Lord of the Rings director Peter Jackson took to his Facebook page on Monday to address recent rumors that he may be turning his two-film adaptation of J.R.R. Tolkein's Rings prequel The Hobbit into a trilogy, as the source material for the story goes far beyond the planned two-part epic.
And now, after weeks of negotiations with Warner Bros. Pictures, Jackson has confirmed that The Hobbit is, indeed, moving forward as a trilogy.
Jackson says that filmmakers are thrilled with the initial cut of the first film and what's completed of part two.
We were really pleased with the way the story was coming together, in particular, the strength of the characters and the cast who have brought them to life," he says in his Facebook post. "All of which gave rise to a simple question: do we take this chance to tell more of the tale? And the answer from our perspective as the filmmakers, and as fans, was an unreserved 'yes.'"
The films incorporate a lot of the added story according to the notes Tolkein himself made in the hundred-plus pages of appendices that follow the end of "The Lord of the Rings: The Return of the King".
"We know how much of the story of Bilbo Baggins, the Wizard Gandalf, the Dwarves of Erebor, the rise of the Necromancer, and the Battle of Dol Guldur will remain untold if we do not take this chance. The richness of the story of The Hobbit, as well as some of the related material in the appendices of The Lord of the Rings, allows us to tell the full story of the adventures of Bilbo Baggins and the part he played in the sometimes dangerous, but at all times exciting, history of Middle-earth," Jackson writes.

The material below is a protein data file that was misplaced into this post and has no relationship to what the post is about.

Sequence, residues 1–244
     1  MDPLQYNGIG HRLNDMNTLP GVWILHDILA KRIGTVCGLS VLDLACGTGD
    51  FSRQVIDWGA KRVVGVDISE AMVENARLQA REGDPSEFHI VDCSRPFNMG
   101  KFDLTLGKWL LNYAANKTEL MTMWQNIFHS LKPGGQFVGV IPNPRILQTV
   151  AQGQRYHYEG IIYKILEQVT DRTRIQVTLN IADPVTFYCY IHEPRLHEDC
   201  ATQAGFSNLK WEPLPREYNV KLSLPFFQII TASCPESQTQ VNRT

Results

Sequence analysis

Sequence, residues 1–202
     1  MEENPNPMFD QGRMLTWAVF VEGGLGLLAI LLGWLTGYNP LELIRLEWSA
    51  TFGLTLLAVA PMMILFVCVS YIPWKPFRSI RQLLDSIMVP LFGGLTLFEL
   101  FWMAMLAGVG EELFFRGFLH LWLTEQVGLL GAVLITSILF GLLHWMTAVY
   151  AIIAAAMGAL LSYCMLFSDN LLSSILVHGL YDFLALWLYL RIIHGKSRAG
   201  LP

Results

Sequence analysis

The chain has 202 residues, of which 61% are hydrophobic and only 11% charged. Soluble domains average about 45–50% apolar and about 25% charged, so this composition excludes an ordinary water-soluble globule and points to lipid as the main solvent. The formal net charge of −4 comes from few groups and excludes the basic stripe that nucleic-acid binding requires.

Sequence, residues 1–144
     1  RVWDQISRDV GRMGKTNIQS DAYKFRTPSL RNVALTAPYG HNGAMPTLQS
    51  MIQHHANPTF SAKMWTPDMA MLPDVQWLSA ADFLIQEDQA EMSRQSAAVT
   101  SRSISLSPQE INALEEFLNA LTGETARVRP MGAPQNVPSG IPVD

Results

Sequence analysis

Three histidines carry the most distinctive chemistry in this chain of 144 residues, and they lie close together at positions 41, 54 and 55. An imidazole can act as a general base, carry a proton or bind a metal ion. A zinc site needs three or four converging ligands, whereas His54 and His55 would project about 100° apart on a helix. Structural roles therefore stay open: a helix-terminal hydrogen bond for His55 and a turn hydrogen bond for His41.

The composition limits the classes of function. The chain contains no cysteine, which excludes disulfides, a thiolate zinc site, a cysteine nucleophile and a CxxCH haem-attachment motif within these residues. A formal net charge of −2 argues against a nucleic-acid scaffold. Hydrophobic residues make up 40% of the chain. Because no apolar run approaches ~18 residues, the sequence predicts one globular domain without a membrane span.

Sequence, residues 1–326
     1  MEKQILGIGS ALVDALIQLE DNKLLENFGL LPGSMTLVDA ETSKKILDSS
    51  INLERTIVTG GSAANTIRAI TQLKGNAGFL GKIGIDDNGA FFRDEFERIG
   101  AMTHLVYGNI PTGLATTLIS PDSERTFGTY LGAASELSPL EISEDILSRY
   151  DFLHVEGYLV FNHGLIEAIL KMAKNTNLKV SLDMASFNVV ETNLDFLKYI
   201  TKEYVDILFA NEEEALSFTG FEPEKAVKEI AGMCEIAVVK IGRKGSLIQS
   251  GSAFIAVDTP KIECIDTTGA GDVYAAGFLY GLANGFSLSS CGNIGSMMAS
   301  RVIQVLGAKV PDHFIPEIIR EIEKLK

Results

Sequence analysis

"[O]n behalf of New Line Cinema, Warner Bros. Pictures, Metro-Goldwyn-Mayer, Wingnut Films, and the entire cast and crew of 'The Hobbit' films, I'd like to announce that two films will become three."
The Hobbit: An Unexpected Journey hits theaters December 14. The second film, The Hobbit: There and Back Again" is scheduled for December 13, 2013; and the as-yet-untitled third film is expected in the summer of 2014.
Website Bleedingcool.com reports that two possible -- but possibly unlikely -- titles were registered by Warner Bros. recently.
"Riddles in the Dark" and "The Desolation of Smaug" are the two titles.
Judging by the two confirmed titles, we wouldn't be surprised if the second installment gets the new title and "There and Back Again" -- the book's subtitle -- would be retained for the final film.